This Court has relied upon the Constitution Bench decision in Union of India v. Raghubir Singh [(19863 ) 3 SCR 3161.

This Court has reiterated the same principle in another recent judgment in Baj Shakriben v. spl. L.A.O. [1996 (4) SCALE 636]. Therefore, objection would be raised in execution under section 47. The award of the additional amount was one of without jurisdiction and so a nullity.

It is contended for the respondent in Mahavir Housing Co-operative Society's case, that since the award was allowed to become final including grant of additional amount under Section 23(1-A), it is not open to the review at a later date since it is not one of initial lack of jurisdiction but an illegality has been committed in awarding the additional amount. In support. thereof, learned counsel relied upon a judgment of this Court in State of Punjab & Ors.vs. Mohinder Singh Randhawa & Anr. [1993 supp.(1) SCC 49, paragraph 3} It is true that in a case where the proceedings were properly conducted and the order was allowed to become final, the matter may be construed to be an order of illegality. When it is one of jurisdiction, this Court has repeatedly, in plethora of precedents, had held that the courts have no jurisdiction to award additional amount under Section 23(1-A) since the Collector had already passed the award under Section 11 and the benefit of additional amount would be confined to the period between the date of the notification under Section 4(1) and the award under Section 11 when the proceedings were pending before him. In this case, since we have already recorded the finding that the award became final due to collusion by the officers and the claimants, the principle of illegality in the award does not apply since fraud unravels the entire procedure and makes the award a nullity.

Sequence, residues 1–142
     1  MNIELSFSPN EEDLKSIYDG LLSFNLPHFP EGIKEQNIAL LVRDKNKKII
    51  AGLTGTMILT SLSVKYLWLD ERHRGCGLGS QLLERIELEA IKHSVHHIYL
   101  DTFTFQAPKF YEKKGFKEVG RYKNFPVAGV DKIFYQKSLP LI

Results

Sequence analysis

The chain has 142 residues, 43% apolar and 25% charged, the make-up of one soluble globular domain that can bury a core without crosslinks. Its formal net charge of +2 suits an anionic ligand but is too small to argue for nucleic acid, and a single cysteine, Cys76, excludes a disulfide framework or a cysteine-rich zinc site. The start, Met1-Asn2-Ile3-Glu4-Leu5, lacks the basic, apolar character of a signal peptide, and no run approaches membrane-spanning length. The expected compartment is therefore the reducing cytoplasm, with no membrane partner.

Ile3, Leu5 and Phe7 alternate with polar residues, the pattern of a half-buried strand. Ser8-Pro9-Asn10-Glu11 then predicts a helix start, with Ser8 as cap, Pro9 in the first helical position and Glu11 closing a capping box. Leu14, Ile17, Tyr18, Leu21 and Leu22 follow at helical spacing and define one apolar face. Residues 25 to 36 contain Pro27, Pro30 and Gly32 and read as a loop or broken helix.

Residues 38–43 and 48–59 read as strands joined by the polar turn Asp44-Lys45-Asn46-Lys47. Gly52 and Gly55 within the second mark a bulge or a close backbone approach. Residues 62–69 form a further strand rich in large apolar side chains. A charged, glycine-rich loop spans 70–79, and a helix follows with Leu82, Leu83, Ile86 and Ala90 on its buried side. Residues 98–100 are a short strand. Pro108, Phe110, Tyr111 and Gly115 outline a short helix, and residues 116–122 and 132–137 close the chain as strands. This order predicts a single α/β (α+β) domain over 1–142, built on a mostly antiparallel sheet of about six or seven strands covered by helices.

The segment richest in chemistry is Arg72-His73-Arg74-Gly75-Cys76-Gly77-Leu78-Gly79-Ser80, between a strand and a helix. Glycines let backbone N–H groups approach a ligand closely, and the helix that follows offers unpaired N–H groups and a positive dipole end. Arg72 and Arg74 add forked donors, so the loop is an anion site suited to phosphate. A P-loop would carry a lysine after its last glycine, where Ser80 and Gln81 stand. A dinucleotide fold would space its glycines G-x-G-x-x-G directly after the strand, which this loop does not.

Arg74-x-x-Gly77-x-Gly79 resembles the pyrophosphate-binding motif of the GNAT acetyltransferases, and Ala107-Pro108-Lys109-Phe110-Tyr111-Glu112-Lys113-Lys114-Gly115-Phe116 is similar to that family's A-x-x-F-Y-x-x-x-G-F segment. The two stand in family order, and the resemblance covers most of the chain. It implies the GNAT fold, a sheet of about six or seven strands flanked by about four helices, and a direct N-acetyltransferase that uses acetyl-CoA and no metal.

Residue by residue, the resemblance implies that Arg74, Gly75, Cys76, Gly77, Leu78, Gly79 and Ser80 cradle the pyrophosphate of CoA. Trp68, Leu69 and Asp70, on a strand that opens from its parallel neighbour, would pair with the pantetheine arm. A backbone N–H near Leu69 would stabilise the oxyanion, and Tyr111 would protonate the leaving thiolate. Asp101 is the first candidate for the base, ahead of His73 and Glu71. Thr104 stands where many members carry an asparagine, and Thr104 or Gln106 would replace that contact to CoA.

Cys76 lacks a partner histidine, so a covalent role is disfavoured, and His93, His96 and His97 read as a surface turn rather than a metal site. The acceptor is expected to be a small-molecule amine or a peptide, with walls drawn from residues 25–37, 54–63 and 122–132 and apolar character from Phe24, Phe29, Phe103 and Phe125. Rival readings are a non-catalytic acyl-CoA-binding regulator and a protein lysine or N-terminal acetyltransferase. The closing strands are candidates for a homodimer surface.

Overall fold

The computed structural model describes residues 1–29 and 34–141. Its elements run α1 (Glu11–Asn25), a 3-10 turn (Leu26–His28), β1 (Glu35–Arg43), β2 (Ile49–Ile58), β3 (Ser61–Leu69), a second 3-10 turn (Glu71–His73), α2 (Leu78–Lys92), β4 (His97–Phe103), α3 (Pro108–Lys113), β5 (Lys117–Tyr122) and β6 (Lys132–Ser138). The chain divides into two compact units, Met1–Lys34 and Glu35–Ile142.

The appeals are accordingly allowed as indicated above, but in the circumstances, Without costs. As regards structures awarded by the reference Court, they stand upheld.